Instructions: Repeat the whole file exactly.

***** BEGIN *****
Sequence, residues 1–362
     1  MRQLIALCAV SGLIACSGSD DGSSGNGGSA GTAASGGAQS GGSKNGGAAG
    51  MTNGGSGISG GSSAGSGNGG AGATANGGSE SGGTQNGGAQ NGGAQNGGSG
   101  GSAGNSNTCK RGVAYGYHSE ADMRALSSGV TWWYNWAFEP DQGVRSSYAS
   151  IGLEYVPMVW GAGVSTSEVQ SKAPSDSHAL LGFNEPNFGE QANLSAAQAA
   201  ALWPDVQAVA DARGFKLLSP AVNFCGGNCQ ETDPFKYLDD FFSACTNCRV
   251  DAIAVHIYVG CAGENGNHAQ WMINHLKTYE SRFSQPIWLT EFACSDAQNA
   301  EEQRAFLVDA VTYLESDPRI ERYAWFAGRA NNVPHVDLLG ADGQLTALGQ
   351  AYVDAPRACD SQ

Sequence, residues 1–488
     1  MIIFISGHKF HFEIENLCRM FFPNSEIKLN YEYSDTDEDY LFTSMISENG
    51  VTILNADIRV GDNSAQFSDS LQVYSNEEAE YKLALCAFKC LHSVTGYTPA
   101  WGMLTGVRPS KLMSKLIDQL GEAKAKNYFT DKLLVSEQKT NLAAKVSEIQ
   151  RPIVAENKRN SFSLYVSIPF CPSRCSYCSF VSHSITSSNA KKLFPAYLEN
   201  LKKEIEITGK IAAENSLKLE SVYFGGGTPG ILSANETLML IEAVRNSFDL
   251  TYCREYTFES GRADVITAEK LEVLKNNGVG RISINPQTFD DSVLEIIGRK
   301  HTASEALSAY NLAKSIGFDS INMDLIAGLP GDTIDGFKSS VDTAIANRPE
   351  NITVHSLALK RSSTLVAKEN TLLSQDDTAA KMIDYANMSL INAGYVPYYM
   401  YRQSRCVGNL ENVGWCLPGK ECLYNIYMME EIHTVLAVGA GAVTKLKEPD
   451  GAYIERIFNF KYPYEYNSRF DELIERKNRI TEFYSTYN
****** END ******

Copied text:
Sequence, residues 1–362
     1  MRQLIALCAV SGLIACSGSD DGSSGNGGSA GTAASGGAQS GGSKNGGAAG
    51  MTNGGSGISG GSSAGSGNGG AGATANGGSE SGGTQNGGAQ NGGAQNGGSG
   101  GSAGNSNTCK RGVAYGYHSE ADMRALSSGV TWWYNWAFEP DQGVRSSYAS
   151  IGLEYVPMVW GAGVSTSEVQ SKAPSDSHAL LGFNEPNFGE QANLSAAQAA
   201  ALWPDVQAVA DARGFKLLSP AVNFCGGNCQ ETDPFKYLDD FFSACTNCRV
   251  DAIAVHIYVG CAGENGNHAQ WMINHLKTYE SRFSQPIWLT EFACSDAQNA
   301  EEQRAFLVDA VTYLESDPRI ERYAWFAGRA NNVPHVDLLG ADGQLTALGQ
   351  AYVDAPRACD SQ

Sequence, residues 1–488
     1  MIIFISGHKF HFEIENLCRM FFPNSEIKLN YEYSDTDEDY LFTSMISENG
    51  VTILNADIRV GDNSAQFSDS LQVYSNEEAE YKLALCAFKC LHSVTGYTPA
   101  WGMLTGVRPS KLMSKLIDQL GEAKAKNYFT DKLLVSEQKT NLAAKVSEIQ
   151  RPIVAENKRN SFSLYVSIPF CPSRCSYCSF VSHSITSSNA KKLFPAYLEN
   201  LKKEIEITGK IAAENSLKLE SVYFGGGTPG ILSANETLML IEAVRNSFDL
   251  TYCREYTFES GRADVITAEK LEVLKNNGVG RISINPQTFD DSVLEIIGRK
   301  HTASEALSAY NLAKSIGFDS INMDLIAGLP GDTIDGFKSS VDTAIANRPE
   351  NITVHSLALK RSSTLVAKEN TLLSQDDTAA KMIDYANMSL INAGYVPYYM
   401  YRQSRCVGNL ENVGWCLPGK ECLYNIYMME EIHTVLAVGA GAVTKLKEPD
   451  GAYIERIFNF KYPYEYNSRF DELIERKNRI TEFYSTYN